SITH Right Here, Right Now
“There are some times in life
When things don’t go your way
You don’t understand
It’s not how you planned it
You can’t bear another day…
I wanna thank the Lord for another day
I know that I will make it some way somehow
so I’m going to praise Him right here right now”
Alicia Myers “Hallelujah Anyway.”
The whole thing was surreal. School was being shut down. students were being given four days to pack up and go home. I looked around our classroom and wondered if I’d ever see these students again. I wondered how our lives would change when and if we were reunited. I went home that night and our family of five settled into the uncertainty.
Being with my husband and three daughters and being surrounded by music made the days and nights bearable. In those first few months it was D-Nice and Club Quarantine that kept me moving, laughing and singing. Listening to familiar songs felt good. D-Nice provided the soundtrack of a time before something we couldn’t see or stop could sneak into the air and snatch our loved ones or us away. But as days became weeks and weeks became months and sirens wailed and zoom funerals began, I needed something else. I needed music I’d never heard to get me through something I never anticipated.
The Soul In The Horn community and Natasha Diggs’ sets turned out to be what I needed. My first encounter with Natasha was when she played the afterparty for the Erykah Badu and Jill Scott Verzuz in May 2020. Her set was soulful, upbeat, and eclectic. I dug it. My second encounter with her was a few days later “at” Club Quarantine. Again it was a great set and her hopeful energy reached me through grief, fear and anxiety. I decided to follow her on Instagram. After that it was Soul in the Horn every Friday. Before long I checked out the Twitch stream with its fabulous visuals courtesy of Lenni Love and D Prosper and saw that I wasn’t the only one inspired to dance all over the house, joining the zoom room was the natural next step. I would normally be too self-conscious to dance on a screen in front of a bunch of strangers but as Alice Walker’s book title says, “Hard times require furious dancing.” Dance I did.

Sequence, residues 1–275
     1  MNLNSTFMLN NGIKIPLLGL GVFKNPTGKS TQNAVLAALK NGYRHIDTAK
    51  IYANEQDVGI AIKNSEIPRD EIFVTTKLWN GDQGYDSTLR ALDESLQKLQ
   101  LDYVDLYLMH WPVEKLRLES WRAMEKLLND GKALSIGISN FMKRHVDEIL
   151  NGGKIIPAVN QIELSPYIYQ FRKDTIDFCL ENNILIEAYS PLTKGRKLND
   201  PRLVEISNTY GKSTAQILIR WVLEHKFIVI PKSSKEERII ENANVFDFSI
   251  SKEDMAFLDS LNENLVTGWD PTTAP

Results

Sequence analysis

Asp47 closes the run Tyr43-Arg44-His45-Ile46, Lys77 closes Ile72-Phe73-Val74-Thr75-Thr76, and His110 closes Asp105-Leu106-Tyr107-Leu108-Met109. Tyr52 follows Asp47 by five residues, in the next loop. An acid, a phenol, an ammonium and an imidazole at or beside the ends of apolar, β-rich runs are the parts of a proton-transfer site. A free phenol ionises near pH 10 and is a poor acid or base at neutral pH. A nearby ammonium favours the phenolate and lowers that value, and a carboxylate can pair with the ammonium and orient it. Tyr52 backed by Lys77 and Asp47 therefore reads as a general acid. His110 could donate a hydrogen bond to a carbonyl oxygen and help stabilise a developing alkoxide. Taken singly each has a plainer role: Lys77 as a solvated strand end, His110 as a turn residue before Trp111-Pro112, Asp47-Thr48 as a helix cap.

In July 2020 my sister called saying our mother had been hospitalized. My family and I took the 5-Hour drive to where my parents live. My sister taught me how to give insulin shots and read the blood sugar of my 92 year old diabetic father. It was a stressful and scary time. It turned out my mother had a stroke. There were lots of things to arrange and reconsider about my parents’ living situation. All that during a pandemic. It surprised me when as stressed as I was, I tuned into Soul in the Horn and danced. It was only 20 minutes but that 20 minutes brought me joy, hope and energy in the midst of a difficult and exhausting situation. Natasha’s sermons at the end of the night about appreciating life and loving each other are medicine. The music, good vibes and togetherness are sparks of light. I danced through my mother’s recovery and arguments about where and how my elderly parents would live. I danced through studying for my comprehensive exam and I danced after I passed it. The one time I stopped dancing was after a friend suddenly passed from covid. I stepped away from the zoom room and the stream for weeks. My first time back Natasha played Alicia Myers’ “Right here right now (Hallelujah Anyway).” I danced and cried. Soul in the Horn has been my “Hallelujah Anyway.” Natasha and the Soul In The Horn community have taught me I can always make room for joy. I absolutely must make room for it, even if it’s just one 5 minute dance. There is going to be grief. That is an unfortunate part of life. But learning to embrace joy is part of what makes life worth living. Thank you Soul In The Horn family.
Mariahadessa Ekere Tallie